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Trade agreements get bipartisan support

John Dimsdale May 11, 2007
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Trade agreements get bipartisan support

John Dimsdale May 11, 2007
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KAI RYSSDAL: Bipartisanship’s been in short supply in Washington. But late yesterday the Democratic Speaker of the House and the Republican Secretary of the Treasury announced a deal on international trade.

It is the first step toward Congressional approval of trade agreements that have already been negotiated with four countries. Our Washington Bureau Chief John Dimsdale reports business, labor and environmental groups have been poring over the details all day.


JOHN DIMSDALE: With this deal, Republicans agree to minimum labor and environmental standards in trade agreements. In return, Democrats will sign off on lower trade barriers that have protected American industries and jobs from cheaper imports.

The negotiating team included the top two members on the House Ways & Means Committee — Democrat Charles Rangel of New York and Republican Jim McCrery of Louisiana. McCrery says it’s a significant breakthrough.

JIM MCCRERY: When the Democrats took over control of the House and Senate, I recognized that the trade agenda was in jeopardy, because Democrats had become fairly well united in opposing any trade deals, most because they really wanted these labor protections and environmental protections inside the free trade agreements.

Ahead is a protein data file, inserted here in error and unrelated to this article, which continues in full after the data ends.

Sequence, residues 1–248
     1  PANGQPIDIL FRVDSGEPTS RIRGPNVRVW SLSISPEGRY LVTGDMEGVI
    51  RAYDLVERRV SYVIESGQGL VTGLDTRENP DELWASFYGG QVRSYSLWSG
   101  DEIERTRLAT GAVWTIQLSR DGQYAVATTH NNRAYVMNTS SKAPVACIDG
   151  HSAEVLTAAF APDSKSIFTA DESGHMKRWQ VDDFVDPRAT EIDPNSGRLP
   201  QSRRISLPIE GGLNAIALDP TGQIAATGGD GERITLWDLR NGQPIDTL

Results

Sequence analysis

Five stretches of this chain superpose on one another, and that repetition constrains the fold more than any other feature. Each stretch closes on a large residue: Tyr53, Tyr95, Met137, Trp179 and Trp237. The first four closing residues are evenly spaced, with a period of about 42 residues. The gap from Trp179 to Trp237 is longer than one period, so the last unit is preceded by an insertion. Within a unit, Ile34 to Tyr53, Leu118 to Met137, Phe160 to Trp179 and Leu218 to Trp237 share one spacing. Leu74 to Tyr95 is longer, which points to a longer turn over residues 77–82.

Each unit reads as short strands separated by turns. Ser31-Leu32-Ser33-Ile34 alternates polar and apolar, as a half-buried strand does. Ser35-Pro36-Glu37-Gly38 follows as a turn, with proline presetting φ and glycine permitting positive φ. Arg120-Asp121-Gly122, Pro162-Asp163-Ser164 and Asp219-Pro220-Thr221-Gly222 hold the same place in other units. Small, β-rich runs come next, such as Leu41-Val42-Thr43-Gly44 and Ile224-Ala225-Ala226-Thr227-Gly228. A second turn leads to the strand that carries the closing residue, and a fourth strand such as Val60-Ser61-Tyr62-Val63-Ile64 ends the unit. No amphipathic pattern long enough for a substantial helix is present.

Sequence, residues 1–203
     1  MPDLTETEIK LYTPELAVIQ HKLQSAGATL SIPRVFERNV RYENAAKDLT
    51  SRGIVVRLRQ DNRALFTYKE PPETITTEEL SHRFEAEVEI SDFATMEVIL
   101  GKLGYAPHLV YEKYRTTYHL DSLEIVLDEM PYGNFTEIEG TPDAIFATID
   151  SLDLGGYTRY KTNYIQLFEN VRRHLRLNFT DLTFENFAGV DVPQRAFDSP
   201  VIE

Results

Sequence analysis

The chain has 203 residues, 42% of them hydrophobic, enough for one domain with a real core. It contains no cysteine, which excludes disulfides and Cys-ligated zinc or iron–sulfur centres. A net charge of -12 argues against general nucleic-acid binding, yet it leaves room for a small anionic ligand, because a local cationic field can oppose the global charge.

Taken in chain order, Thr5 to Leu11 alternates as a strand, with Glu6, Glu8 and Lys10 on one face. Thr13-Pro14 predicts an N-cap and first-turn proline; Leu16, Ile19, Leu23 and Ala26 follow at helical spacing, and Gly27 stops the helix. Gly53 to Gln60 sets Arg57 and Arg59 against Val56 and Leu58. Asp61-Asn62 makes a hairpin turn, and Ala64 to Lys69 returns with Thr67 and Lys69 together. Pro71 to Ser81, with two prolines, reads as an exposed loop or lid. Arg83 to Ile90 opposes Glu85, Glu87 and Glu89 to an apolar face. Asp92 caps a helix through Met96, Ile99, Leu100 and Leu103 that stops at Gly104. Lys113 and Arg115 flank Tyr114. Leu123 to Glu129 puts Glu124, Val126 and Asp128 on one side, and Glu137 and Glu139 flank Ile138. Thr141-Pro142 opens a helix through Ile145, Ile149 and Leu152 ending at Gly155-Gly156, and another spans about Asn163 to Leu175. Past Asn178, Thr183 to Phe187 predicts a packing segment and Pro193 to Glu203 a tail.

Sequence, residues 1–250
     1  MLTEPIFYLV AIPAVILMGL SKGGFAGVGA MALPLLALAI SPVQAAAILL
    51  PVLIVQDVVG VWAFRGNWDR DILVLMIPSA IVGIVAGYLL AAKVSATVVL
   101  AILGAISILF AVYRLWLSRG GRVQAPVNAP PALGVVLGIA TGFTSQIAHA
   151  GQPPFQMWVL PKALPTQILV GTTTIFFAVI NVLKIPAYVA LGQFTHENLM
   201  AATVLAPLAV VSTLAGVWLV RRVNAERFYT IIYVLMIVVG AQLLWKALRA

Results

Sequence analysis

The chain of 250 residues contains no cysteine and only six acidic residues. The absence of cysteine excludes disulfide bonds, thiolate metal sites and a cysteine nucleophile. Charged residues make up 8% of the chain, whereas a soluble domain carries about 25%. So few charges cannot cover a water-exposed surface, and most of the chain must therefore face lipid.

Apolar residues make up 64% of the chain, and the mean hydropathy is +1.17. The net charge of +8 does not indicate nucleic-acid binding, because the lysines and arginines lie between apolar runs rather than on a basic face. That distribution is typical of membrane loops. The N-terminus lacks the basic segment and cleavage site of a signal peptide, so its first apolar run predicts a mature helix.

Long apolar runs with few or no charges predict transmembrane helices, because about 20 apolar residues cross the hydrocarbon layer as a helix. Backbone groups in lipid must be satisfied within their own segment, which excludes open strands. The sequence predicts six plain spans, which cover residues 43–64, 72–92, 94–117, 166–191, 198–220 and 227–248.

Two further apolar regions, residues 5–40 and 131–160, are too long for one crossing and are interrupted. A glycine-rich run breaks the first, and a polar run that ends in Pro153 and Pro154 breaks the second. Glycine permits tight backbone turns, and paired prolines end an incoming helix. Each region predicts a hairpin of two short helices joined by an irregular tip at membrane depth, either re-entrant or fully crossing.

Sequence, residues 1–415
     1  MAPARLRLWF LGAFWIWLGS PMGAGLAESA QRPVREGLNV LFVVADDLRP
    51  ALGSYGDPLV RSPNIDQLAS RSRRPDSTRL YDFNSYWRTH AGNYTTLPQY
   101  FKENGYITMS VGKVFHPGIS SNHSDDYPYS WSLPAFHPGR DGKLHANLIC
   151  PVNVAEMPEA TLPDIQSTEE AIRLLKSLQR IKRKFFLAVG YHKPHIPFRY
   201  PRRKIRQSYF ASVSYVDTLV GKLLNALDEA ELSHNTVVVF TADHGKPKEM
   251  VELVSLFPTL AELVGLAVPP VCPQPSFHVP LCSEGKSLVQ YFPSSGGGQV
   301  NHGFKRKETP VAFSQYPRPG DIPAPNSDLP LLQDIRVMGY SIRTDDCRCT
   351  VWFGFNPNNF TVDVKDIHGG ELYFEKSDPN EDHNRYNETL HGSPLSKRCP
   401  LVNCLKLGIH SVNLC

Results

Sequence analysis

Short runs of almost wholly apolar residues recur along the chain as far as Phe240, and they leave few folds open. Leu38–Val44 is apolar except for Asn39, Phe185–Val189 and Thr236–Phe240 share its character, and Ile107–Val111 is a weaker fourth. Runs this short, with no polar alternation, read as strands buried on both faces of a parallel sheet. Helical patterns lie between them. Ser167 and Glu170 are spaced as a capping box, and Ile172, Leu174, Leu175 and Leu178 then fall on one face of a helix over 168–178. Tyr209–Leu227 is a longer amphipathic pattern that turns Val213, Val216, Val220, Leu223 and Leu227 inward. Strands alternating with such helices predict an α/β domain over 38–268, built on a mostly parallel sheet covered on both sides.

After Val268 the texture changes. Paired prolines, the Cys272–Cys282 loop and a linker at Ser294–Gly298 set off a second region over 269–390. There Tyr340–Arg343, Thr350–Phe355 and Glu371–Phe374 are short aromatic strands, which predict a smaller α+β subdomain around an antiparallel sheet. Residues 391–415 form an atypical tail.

Several business groups today said they were satisfied the compromise will allow those protections without giving unions the ability to use trade deals to change U.S. labor laws. But as details of the agreement became available, some of the capitol’s strongest labor advocates began raising questions. North Dakota Democratic Senator Byron Dorgan had a message for negotiators who’ve been celebrating their compromise.

BYRON DORGAN: Let me just say to them, there is another voice here in this Congress. A voice that will come from the United States Senate and there are some of us here that will insist that we stand up for the economic interests of this country.

And business support for the compromise is not unanimous. Some raise concerns the deal is a threat to U.S. environmental laws and would undermine patent protections on prescription drugs.

In Washington, I’m John Dimsdale for Marketplace.

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